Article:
This lecture discusses some further important topics in Python: Decorators and Classes.

## Pyton Decorators

In simple words, Python decorators are functions that can modify (e.g., add to) the functionalities of other functions. As will be described below, decorators are particularly useful in making your code shorter. To understand the workings of decorators, we will have to recall a few properties of functions in Python.

Firstly, since every entity in Python is an object, including functions, almost everything, including functions can be assigned to a variable. For example, the simple function,

```
def hello(name='Amir'):
return 'Hello ' + name
```

can be assigned to a new variable,

```
greet = hello
```

which is also a function,

```
greet
```

```
<function __main__.hello>
```

and more importantly, it is not attached to the original function `hello()`

,

```
del hello
hello
```

```
---------------------------------------------------------------------------
NameError Traceback (most recent call last)
<ipython-input-6-b1946ac92492> in <module>()
----> 1 hello
NameError: name 'hello' is not defined
```

```
greet
```

```
<function __main__.hello>
```

```
greet()
```

```
'Hello Amir'
```

### Functions inside other functions

Now one thing to keep in mind, is that you can define functions inside functions in Python, just as you can do in almost any other capable language.

```
def hello(name='Amir'):
print('This is from inside function hello()')
def greet():
return '\t This is from inside function greet() inside function hello()'
def welcome():
return '\t This is from inside function welcome() inside function hello()'
print(greet())
print(welcome())
print("This is from inside function hello()")
```

So now, if you type,

```
hello()
```

```
This is from inside function hello()
This is from inside function greet() inside function hello()
This is from inside function welcome() inside function hello()
This is from inside function hello()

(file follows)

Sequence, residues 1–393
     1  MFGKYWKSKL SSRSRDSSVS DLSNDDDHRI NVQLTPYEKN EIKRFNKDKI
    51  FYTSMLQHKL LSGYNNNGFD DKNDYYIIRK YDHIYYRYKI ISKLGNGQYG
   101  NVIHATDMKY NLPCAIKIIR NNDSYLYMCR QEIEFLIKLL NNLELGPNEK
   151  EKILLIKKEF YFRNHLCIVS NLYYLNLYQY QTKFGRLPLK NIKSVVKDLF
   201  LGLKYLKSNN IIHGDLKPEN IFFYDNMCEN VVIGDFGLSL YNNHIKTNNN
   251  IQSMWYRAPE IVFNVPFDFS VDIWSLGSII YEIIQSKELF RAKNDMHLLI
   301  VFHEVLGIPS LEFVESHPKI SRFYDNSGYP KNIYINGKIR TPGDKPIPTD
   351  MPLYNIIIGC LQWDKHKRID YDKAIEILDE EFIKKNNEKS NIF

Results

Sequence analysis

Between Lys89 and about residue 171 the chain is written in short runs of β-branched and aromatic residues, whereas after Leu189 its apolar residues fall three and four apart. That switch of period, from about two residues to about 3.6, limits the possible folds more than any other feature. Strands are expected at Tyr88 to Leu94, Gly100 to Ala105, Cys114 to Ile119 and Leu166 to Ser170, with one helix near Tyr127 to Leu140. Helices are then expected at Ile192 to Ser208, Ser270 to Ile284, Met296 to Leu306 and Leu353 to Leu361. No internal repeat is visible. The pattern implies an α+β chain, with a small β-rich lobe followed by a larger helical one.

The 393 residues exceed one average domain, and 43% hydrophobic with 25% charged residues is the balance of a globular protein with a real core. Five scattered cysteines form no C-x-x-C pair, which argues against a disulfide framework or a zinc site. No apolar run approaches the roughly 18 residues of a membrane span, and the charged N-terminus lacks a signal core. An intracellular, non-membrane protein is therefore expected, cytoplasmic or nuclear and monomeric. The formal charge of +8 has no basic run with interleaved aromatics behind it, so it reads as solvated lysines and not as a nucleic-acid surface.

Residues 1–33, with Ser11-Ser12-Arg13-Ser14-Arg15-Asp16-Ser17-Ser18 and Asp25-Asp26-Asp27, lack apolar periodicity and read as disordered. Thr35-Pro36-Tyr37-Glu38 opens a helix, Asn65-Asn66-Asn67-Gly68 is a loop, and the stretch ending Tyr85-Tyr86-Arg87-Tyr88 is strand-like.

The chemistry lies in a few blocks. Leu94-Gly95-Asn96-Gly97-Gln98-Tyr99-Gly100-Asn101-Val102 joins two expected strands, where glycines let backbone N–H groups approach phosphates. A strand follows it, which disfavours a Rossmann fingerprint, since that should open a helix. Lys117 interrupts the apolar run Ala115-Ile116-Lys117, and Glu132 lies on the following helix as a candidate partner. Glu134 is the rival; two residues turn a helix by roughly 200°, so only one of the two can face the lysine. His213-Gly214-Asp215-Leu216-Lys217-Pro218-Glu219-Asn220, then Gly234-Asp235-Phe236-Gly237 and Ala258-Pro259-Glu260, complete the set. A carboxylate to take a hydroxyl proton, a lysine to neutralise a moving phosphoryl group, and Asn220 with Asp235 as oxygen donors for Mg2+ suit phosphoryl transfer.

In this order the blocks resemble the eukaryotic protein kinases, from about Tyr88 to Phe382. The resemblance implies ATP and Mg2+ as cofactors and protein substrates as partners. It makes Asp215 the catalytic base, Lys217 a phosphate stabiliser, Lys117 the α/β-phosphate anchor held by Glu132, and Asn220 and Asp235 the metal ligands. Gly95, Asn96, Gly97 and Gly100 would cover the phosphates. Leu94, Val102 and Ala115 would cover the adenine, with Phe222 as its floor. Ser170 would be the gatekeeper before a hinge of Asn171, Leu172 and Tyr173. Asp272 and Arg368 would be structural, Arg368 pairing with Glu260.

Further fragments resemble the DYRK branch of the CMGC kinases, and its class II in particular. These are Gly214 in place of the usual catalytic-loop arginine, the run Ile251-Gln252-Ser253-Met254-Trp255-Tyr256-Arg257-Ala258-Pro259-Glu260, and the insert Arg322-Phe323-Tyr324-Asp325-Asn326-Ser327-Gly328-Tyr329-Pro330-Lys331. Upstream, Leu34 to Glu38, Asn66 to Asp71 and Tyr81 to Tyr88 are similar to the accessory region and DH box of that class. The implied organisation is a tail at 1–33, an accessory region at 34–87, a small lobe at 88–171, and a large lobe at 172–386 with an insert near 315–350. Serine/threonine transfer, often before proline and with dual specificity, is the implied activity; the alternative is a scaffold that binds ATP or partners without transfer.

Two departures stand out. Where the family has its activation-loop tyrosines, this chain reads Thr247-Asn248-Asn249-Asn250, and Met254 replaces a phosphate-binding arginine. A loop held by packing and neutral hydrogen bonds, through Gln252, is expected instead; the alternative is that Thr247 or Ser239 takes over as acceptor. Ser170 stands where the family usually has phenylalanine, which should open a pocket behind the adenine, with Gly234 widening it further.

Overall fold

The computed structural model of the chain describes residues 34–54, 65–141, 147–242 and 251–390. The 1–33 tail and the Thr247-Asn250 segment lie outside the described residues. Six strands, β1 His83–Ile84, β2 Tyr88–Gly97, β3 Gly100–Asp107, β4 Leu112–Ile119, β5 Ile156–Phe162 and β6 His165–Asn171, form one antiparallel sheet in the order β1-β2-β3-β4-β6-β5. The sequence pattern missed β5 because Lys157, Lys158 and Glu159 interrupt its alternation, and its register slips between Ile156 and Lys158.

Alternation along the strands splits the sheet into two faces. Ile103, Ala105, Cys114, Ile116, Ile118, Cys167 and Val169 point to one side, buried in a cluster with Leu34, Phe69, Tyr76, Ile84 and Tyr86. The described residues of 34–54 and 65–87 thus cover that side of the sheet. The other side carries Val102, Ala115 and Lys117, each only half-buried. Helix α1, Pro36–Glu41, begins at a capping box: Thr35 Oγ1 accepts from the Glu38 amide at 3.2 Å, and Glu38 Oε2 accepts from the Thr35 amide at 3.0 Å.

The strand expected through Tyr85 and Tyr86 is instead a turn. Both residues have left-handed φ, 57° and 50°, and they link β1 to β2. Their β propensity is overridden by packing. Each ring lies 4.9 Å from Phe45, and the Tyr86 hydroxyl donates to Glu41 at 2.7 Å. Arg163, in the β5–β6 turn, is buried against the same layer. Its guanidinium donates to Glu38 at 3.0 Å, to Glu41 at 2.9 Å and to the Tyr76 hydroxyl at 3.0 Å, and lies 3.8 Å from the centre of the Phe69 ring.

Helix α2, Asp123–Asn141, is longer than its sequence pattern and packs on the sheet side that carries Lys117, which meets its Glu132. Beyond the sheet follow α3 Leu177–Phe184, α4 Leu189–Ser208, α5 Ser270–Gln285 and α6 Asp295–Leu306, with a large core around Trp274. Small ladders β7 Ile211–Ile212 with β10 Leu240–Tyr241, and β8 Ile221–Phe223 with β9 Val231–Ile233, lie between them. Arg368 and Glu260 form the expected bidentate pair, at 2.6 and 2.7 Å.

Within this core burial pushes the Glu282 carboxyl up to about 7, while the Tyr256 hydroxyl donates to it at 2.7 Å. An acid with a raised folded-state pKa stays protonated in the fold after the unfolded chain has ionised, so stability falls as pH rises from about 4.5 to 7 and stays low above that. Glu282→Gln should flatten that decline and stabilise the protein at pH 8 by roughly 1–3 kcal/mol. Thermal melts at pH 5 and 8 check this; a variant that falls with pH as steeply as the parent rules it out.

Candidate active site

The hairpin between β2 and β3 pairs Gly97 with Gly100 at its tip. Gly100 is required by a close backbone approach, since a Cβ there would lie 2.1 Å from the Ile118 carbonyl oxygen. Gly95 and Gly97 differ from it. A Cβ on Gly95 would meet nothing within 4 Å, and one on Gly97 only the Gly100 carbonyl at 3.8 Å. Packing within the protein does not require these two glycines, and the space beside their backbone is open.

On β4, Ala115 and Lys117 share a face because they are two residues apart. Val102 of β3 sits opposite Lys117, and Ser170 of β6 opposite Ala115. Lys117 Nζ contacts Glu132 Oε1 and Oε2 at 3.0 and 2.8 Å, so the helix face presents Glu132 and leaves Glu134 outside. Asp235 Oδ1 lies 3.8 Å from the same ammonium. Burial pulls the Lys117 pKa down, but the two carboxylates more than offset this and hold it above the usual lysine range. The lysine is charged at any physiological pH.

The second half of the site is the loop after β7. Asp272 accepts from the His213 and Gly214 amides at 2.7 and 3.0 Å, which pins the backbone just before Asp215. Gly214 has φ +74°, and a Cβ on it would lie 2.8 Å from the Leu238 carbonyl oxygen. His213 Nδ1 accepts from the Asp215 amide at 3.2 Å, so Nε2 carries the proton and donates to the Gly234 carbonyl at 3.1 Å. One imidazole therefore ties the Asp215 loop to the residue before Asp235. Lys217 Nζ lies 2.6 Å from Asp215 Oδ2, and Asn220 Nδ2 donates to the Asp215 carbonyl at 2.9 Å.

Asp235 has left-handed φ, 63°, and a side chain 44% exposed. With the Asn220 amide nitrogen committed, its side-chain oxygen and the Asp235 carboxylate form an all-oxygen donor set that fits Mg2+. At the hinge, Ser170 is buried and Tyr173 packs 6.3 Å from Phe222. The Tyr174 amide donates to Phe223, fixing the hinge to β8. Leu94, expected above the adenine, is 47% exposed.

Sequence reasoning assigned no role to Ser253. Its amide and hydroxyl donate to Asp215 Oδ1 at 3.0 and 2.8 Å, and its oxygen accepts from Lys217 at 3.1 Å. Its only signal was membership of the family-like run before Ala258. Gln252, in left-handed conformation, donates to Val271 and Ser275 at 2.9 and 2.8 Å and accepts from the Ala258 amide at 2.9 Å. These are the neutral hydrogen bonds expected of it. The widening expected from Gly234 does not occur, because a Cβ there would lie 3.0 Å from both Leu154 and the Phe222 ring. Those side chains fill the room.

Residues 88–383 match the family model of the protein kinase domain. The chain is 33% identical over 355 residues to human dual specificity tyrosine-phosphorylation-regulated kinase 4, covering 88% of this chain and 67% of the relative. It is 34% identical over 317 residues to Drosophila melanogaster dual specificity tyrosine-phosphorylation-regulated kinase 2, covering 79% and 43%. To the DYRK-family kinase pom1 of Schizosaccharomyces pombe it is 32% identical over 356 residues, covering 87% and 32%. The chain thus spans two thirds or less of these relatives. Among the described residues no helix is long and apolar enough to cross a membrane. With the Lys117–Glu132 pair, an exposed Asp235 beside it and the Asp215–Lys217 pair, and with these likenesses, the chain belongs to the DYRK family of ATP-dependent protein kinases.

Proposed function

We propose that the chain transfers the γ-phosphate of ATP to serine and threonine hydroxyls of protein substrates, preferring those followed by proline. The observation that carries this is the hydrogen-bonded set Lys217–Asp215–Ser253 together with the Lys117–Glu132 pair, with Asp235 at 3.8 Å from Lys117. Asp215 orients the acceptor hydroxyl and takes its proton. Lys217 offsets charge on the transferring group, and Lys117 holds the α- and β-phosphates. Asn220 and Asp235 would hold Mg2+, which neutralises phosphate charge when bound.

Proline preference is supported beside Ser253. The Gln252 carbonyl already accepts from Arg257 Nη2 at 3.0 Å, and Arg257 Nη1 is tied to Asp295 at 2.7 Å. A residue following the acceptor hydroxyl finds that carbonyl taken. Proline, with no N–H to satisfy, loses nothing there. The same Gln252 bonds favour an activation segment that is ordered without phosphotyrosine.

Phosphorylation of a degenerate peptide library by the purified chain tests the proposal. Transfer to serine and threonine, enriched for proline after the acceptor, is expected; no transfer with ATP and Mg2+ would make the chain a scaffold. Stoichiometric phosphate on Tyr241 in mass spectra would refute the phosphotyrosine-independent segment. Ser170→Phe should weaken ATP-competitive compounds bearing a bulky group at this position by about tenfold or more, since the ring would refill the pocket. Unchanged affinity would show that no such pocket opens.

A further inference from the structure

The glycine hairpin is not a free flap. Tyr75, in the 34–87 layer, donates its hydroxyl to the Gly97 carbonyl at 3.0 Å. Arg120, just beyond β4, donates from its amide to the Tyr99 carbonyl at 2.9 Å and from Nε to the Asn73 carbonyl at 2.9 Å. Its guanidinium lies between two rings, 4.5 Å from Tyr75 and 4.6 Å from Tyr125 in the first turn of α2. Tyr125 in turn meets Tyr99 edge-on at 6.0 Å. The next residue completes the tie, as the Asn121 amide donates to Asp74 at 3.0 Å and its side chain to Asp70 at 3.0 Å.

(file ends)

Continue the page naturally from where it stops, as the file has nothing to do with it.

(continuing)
```

Another cool feature to know about, is that you can have functions both as input and return values to and from another function. We have seen this already in previous lectures, where we discussed functions for the first time.

With this in mind, let’s create a function like the following,

```
def decorateThisFunction(func):
def wrapInputFunction():
print("Some decorating code can be executed here, before calling the input function")
func()
print("Some decorating code can be executed here, after calling the input function")
return wrapInputFunction
def needsDecorator():
print("\t This function needs a Decorator")
```

So now,

```
needsDecorator()
```

```
This function needs a Decorator
```

Now, it can happen in your programming that you need to do a specific set of tasks for a function repeatedly, so you may prefer to redefine/reassign your function to your decorated function, such that whenever you call your function by its own name, it is always returned in the modified (decorated) state. For example, see what happens with,

```
needsDecorator = decorateThisFunction(needsDecorator) # Reassign needsDecorator to the new decorated state
```

which upon calling outputs,

```
needsDecorator()
```

```
Some decorating code can be executed here, before calling the input function
This function needs a Decorator
Some decorating code can be executed here, after calling the input function
```